Helen Liang, Rena Huang, and SYL Students

The ten years of the Cultural Revolution from the mid-1960s to the mid-1970s forbade the teaching and training of many long-standing cultural traditions, including the teaching of the practical applications of Wushu. For this reason, government-sponsored Wushu teams focused on the flashy and showy side of Wushu. When Chinese Wushu teams performed in North America in the seventies and eighties, they demonstrated spectacular and incredible mastery of acrobatic abilities. Their kicks were high and powerful. Their body movements were connected and superb. Their foundations were solid. However, fighting skills were downplayed. When asked about fighting applications and/or when challenged by local martial artists, both performers and coaches avoided the subject, fearing that it would bring bad publicity. Because of this, many people outside of China were only exposed to the non-combative side of Wushu and didn't perceive Wushu as an effective martial art.

When Chinese policy began to allow the combative aspect of Wushu to be taught, many professional and amateur Wushu schools in China would only focus on either performance Wushu or Sanshou, but not both. This created a separation in Wushu, taking it away from its original nature which included practical applications, along with forms training and many other elements of Wushu.

Liang's love and respect for Wushu, along with his desire to continue the traditional legacy of Wushu with younger generations, was further ignited by the series of discussions with Ma Fulin. They agreed that in order to properly promote Wushu, an organization with a common goal that included as many like minded martial artists as possible was necessary. That goal would consist of nurturing the development of well-rounded martial artists by transcending the boundaries between styles to allow for the development of a highly practical and versatile system of martial skills. With this mission in mind, Liang contacted numerous masters of various martial arts disciplines throughout the world. Together they established the International Wushu Sanshou Dao (IWSD) Association.

The IWSD draws from an immense wealth of knowledge in Chinese Wushu, but is by no means limited to Chinese Wushu. All viable skills and knowledge from non-Chinese Wushu (Chinese term for martial arts) are incorporated into the Wushu Sanshou Dao system. The spark ignited from the meetings with Ma Fulin quickly generated heat and the rest is history. Wushu has now gained back the respect that it lost during the early years of normalization of the relationship between China and the Western world.

As dinner was being served, honored guests spoke with great enthusiasm, acknowledging the many achievements of Grandmaster Liang and the IWSD. Special guests included the Consul Chief of Culture, the Consulate General of the People's Republic of China in Vancouver, a Canadian member of Parliament, the General Council and Policy Director for the Lieutenant Governor of Rhode Island, the Consul General of Chile, and many other leaders in the business, media, cultural, and Wushu communities from China, the United States, and Canada.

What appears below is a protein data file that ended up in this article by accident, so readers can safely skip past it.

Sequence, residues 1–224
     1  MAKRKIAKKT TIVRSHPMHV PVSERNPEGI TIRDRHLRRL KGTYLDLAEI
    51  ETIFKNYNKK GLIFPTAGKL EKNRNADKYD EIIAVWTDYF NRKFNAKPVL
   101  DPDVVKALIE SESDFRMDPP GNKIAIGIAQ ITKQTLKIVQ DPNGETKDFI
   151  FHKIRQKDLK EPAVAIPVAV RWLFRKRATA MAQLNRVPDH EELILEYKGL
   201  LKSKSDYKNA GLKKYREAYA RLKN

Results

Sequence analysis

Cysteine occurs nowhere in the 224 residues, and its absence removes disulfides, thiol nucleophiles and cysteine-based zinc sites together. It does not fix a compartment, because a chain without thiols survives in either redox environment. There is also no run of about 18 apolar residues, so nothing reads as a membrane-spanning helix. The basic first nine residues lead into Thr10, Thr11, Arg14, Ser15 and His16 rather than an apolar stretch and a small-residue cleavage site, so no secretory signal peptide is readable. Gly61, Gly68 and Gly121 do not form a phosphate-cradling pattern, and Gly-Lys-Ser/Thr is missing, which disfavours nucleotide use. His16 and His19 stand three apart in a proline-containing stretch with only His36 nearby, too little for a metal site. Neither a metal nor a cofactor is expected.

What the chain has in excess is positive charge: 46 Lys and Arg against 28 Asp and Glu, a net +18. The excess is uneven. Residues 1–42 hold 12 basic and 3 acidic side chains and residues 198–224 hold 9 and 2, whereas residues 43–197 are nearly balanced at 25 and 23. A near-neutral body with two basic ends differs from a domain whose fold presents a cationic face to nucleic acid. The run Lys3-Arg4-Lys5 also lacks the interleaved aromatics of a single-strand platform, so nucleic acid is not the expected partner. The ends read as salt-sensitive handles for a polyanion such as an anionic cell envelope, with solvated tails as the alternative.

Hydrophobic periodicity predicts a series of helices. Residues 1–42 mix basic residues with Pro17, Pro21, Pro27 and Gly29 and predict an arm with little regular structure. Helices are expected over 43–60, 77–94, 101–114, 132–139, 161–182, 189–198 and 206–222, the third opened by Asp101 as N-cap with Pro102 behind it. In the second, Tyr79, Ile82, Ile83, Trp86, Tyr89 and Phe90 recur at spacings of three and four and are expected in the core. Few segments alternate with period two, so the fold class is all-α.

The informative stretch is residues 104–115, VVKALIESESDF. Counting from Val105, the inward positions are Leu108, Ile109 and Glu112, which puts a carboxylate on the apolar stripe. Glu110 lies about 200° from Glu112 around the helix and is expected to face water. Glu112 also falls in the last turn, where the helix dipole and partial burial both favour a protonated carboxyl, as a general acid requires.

Letters of congratulations, numbering more than fifty, came from around the world. Among them was a letter from the Prime Minister of Canada, in which he wrote, "As Canadians, we are fortunate to be living in a country that embraces the many cultures of the world. Our success as a nation is based on the social, cultural and economic contributions of Canadians of all backgrounds working together?I would like to commend Grandmaster Shouyu Liang and his team for their commitment to preserving and promoting Chinese martial arts (Wushu), Taichi and Qigong in Canada?" Other correspondents offering their congratulations included the Consulate General of the People's Republic of China in Vancouver, the Premier of British Columbia, the Lt. Governor of Rhode Island, the Mayor of Vancouver, and many others.

The Director of SYL Wushu, Taiji, Qigong Institute, Master Helen Liang, along with Grandmaster Liang, also took the opportunity to acknowledge the many honored guests. The ever-humble Grandmaster Liang took the opportunity to express his gratitude to individuals who have touched his life since he came to North America.

Grandmaster Liang Shou-Yu and His Daughter HelenThe evening continued with students and friends sharing how their lives were touched by Grandmaster Liang. How his generosity, warm smile, charismatic personality, and powerful presence were always wonderful to be around. How masterfully he has always taught. How his wisdom extends beyond Wushu.

Grandmaster Liang is happy when he practices Wushu. Since the age of five, for nearly sixty years, he has practiced and learned, and how he continues to practice and learn. He often tells his students, "Live until too old, learn until old, and practice until old." He continues to demonstrate this principle every day as he shares his knowledge and his wisdom with the younger generation of martial arts practitioners around the world.

As the dinner came to the last course, everyone gathered with Grandmaster Liang for a photo opportunity. Even though the evening's spectacular performances had come to an end, this event will surely be remembered by all who attended for years to come.

Click here for Feature Articles from this issue and others published in 2007 .

About Wen-Ching Wu :
Master Wen-Ching Wu is the co-author of Kung Fu Elements and Qigong Empowerments with Grandmaster Shouyu Liang. He currently teaches and writes at his school, The Way of the Dragon?School for Health, Healing, and Martial Arts in Rhode Island. He is also a Tai Chi consultant teaching Tai Chi in major corporations on behalf of Blue Cross Blue Shield of Rhode Island.